Ending up in a jail cell for the night isn’t a dream of anyone. If one finds himself in a cell, the first thing that comes to mind is “how do I get out of here as quickly as possible?”.
Posting bail is one of the simplest answers. This option isn’t allowed to all charges, but if the judge deems it proper, a person can post bail. You might be wondering what comes next if you don’t have enough funds to post bail as soon as possible? Where do you turn for help? What is bail bond and what it bail bond procedure? Read on to know more.
What happens after being arrested?
When you get arrested by a police officer you go to a police department, if you don’t make bail the next step would be going to court and if you don’t bond out from there, you go to jail.
During the booking process, the officers will generally record your personal information. Your name, date of birth and physical characteristics will be noted. Next, they will record information about the alleged crime. They will then record your fingerprints and photographs. They will also check your criminal background and collect any personal property like keys phone or purse.
After all these, you’ll be placed in a police station holding cell or local jail.
“Own Recognizance” Release
After you’ve been booked, arranging your release is next. The main concern of the authorities is your presence in the future court dates. In some cases, you may be eligible to be released on your own recognizance. It means that you write and promise to appear in court later on. Note that a judge gets to decide whether you’ll be granted own recognizance release. The following factors are considered:
- The severity of the crime
- Your criminal record
- If you pose a possible danger to the community
- Your ties to the community to weigh whether you are a risk to flee
Sometimes, a written promise to appear in your court date schedule will not be deemed enough. With serious considerations, the court will want a financial guarantee for your attendance. This is where bail comes into play.
You will be released if you pay a set amount of money. As part of the whole process, you promise to appear in court for all your criminal proceeding schedules. If you show up, the bail amount will be returned to you. You will forfeit the bail amount if you don’t appear in court.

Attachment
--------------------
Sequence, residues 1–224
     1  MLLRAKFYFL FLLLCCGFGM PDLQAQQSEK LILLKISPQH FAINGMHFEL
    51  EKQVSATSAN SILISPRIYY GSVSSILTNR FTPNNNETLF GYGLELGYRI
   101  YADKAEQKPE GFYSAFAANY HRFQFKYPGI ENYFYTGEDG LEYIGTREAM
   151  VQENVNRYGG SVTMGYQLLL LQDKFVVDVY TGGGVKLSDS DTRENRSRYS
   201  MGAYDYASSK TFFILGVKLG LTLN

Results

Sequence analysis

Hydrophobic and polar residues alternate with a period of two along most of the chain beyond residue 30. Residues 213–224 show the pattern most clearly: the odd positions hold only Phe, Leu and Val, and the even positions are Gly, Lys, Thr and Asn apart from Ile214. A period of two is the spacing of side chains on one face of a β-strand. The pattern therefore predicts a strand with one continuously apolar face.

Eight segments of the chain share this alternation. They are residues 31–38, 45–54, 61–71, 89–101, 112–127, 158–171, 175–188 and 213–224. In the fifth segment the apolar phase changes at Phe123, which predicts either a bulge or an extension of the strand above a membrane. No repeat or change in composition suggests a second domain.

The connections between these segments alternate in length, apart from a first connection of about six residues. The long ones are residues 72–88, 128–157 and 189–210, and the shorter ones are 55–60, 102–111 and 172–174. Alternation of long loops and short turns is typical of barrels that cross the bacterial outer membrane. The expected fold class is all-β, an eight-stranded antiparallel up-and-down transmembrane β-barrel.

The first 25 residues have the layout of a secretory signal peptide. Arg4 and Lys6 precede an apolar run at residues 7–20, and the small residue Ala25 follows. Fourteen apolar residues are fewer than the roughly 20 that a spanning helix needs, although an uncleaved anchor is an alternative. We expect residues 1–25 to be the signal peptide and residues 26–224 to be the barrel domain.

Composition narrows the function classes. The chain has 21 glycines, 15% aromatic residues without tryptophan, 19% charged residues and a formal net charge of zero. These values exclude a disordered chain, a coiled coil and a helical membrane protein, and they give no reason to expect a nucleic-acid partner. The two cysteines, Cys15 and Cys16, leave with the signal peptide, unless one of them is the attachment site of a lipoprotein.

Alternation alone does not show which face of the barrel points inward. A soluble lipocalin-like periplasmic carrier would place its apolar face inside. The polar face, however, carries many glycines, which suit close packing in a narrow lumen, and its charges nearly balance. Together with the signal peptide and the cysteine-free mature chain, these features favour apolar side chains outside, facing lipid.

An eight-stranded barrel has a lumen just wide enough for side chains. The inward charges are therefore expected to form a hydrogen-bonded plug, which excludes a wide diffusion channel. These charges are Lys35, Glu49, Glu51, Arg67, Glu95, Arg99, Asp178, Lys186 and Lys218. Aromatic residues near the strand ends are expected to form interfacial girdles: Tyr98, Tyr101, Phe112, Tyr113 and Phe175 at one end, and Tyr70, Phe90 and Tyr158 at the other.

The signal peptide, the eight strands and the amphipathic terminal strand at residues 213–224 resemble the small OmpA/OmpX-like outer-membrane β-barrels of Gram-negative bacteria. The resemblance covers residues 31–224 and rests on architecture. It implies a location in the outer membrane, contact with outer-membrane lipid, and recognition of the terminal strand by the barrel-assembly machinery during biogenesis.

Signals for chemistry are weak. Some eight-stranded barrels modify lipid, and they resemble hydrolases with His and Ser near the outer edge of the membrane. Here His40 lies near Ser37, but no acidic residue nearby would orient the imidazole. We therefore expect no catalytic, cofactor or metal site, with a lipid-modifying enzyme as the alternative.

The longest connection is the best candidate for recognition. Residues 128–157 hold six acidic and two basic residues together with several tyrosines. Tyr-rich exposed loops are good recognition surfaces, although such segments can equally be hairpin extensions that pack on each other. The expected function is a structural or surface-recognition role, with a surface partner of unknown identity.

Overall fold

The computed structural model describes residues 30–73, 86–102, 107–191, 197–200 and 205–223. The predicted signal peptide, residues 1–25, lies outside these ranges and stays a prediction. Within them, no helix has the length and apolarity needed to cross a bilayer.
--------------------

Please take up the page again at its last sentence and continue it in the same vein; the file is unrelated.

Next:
The following are the factors that the court considers in deciding for the appropriate bail amount:
- Your financial resources
- Your physical and mental condition
- History related to drug and alcohol abuse
- Your family ties
- Your criminal history
- Previous records regarding your appearance at court proceedings
- Residency length in the community
What is a bail bond?
Say you have been charged for an offense and you end up in jail. For you to have your release while waiting for your trial date, you can pay the bail upfront. If you don’t have enough cash to pay the bail, a bail bondsman enters the picture. Now for you to avail his service, you need to pay the bail bond.
A bail bond is a percentage of bail that you pay to the bond agency. This amount of money is necessary so that they can pay the remaining amount and you may be released from jail to wait for your court date.
Every state follows its own bail bond rules and unique processes. All of them have the basics. Typically, you need to pay 10% to 15% of the original bail amount. Note that the bail amount varies depending on the severeness of the crime and your criminal history if there’s any.
How does bail bond work?
Bond agencies can secure the remaining bail amount because of their contractual agreements with the banks or credit agencies and the local government. It means that they can access funds even if the creditor isn’t open. Sometimes, bond agencies gave agreements with the court system. This agreement allows them only to have to put up a percentage of the original bail amount.
This amount of freedom allows bond companies to be accessible to anyone who needs to post bail any time of the day. As the bail bond agent needs a form of security or collateral for the bond, you will need to sign a contract. Some bond agents will require you to give pieces of jewelry they can sell to recover the full bond amount. Also, the agent might also need you or the paying party to sign a security interest in a home, car or other properties that the bond agent can sell if the defendant fails to appear in court.
Note that if you’re released, and you don’t appear on the court date, and the bail bondsman can’t locate you, the bond company has to pay for the remaining amount of money to the court. Continue Reading on How Does Bail Bond Work
What happens if you fail to appear in court dates?
Aside from forfeiture of the bail bond, if you fail to appear in court or you violated bail terms, the bail bond agent can try to find the defendant. The agent can try to bring you into custody and take you back to the police. Bond companies have this power because they’re granted a grace period after the defendant violates bail terms. If the company can return you to the police custody within that grace period, the court might not require the agent to pay the full bail amount.
The bail bond agent can also employ a bounty hunter also known as enforcement agents. They can help to track and to apprehend you. These people aren’t law enforcement officers or not government employees. It means that they don’t have general arrest powers, but then they can arrest you because you used the bail bond agent’s services. This also means that bounty hunters have the power to enter your home and arrest you.
Laws vary significantly from state to state. Not all states are allowing bail bond services or employing bounty hunters.